The best bit about writing a short story is getting to distil an idea down to its sharpest elements, and unlike a novel you can write a draft start to finish within a single day (or two or three depending on story length and free time). The shorter word-count forces you to be ruthless with your choices, while also allowing for anything to happen within the story itself.
The shorter word-count is also, most often, the hardest thing about writing a short story. It’s important to still craft a full narrative with a beginning, a middle, and an end. Too often it can be tempting to leave off on a cliff-hanger or a dramatic ‘gotcher’ moment in the last line to make up for the fact that you ran out of words.
How did you come up with the idea for your LISP selected story? Is there a story behind your story? And, how long have you been working on it?
My entry for LISP was actually a story I’d written for something else, then realised it didn’t fit the criteria requested. It got chucked into a folder to languish until I stumbled upon LISP and thought ‘I might have something that could work for this’. After being abandoned for over a year I blew the cobwebs off the document and put it through some quite significant revisions before submitting it. You can either say I let the idea mature, or fester for twelve months while I decided what on earth I was going to do with it.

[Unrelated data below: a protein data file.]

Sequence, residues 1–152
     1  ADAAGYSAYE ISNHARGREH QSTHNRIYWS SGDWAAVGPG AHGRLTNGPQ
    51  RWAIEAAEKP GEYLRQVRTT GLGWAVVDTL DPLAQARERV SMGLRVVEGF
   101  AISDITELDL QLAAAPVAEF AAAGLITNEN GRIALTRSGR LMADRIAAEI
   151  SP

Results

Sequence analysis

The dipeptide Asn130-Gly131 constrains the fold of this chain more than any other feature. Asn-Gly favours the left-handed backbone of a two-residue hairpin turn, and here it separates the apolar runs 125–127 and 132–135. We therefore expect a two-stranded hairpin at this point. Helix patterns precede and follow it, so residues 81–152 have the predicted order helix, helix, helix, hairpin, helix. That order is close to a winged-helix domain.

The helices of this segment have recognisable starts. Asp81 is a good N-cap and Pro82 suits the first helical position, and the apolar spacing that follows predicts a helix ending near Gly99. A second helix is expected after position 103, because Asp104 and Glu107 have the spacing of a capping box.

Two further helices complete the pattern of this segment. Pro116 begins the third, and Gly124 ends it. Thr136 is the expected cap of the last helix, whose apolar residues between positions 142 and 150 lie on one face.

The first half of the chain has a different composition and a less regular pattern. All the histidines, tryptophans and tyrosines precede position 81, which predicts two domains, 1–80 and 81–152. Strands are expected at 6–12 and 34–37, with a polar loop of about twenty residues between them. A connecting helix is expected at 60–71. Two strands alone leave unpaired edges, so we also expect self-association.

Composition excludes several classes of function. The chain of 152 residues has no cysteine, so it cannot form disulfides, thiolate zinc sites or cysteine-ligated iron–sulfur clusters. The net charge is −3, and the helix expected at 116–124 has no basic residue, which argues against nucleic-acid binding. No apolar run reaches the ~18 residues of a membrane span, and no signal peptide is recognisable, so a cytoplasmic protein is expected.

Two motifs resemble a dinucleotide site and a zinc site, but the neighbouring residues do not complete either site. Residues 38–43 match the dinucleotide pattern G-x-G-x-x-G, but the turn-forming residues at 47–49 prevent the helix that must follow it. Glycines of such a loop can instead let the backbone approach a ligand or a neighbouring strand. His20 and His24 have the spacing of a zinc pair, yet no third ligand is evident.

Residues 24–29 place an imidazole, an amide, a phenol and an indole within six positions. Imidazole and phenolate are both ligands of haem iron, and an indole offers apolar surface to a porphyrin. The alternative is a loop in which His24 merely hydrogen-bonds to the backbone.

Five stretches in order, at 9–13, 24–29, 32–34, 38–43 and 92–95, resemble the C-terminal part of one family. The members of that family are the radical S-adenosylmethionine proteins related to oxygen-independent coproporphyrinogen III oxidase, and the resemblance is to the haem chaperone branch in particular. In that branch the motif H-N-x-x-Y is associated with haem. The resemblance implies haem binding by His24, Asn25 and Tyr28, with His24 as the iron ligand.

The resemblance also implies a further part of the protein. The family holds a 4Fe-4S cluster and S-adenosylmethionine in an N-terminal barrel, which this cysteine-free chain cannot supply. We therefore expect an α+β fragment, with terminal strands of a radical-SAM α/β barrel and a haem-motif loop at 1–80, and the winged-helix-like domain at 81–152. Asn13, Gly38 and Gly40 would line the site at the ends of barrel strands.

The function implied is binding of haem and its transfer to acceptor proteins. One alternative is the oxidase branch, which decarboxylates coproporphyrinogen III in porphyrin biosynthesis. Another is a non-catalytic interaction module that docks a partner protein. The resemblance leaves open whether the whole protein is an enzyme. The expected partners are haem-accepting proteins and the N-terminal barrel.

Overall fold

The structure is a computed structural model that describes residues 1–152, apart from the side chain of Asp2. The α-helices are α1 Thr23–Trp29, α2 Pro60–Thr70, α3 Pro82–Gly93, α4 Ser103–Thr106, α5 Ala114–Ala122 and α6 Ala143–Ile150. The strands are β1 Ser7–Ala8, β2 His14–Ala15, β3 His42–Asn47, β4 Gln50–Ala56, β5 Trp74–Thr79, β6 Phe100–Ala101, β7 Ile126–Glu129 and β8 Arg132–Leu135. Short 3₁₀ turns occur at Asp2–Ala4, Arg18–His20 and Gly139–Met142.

Can you please give us a few tips about writing a short story?
Bullet point plans are helpful. Even though you’re not working on a novel, it’s a good idea to have some clue as to where the story is going to end up, and how you are going to get there. Also, as mentioned above, don’t be too worried about letting something sit for a while before going back to it. First drafts are supposed to be horrific, terrifying things that look like they just crawled out from the shadows. That is why we have redrafts, it’s like beast-taming for stories.
What's the best thing and the hardest thing about writing competitions?
I’m not entirely sure what I’d say the best thing about writing competitions is. They make for good targets, especially for those like myself who like to procrastinate. If I’ve decided to enter a competition then the deadline will give me that extra push to make sure I finish whatever it is I’m working on.
The hardest thing is almost certainly the ones where you’ve waited for months for a short list to come out, only to receive the email that lets you know you’ve not been selected. There’s always a moment where I think ‘oh, maybe,’ then I open it and realise it’s not to be. Except in this case. In this case I got to do my celebration dance and confuse my husband as to why I was happy.
Lastly, do you recommend the writers to give it a go on LISP?
Yes! Even if entering doesn’t go anywhere, you still have a piece of work that you can go back and work on some more. I love the Neil Gaiman quote that ‘you learn far more from the things you complete, then the things you don’t.’ It’s very easy to sit in our little bubbles and tell ourselves that there’s no point, or we wouldn’t be good enough, but we don’t actually know until we try. If you make the effort and give it a go then you will always learn something from the experience, which means it’s never really a loss.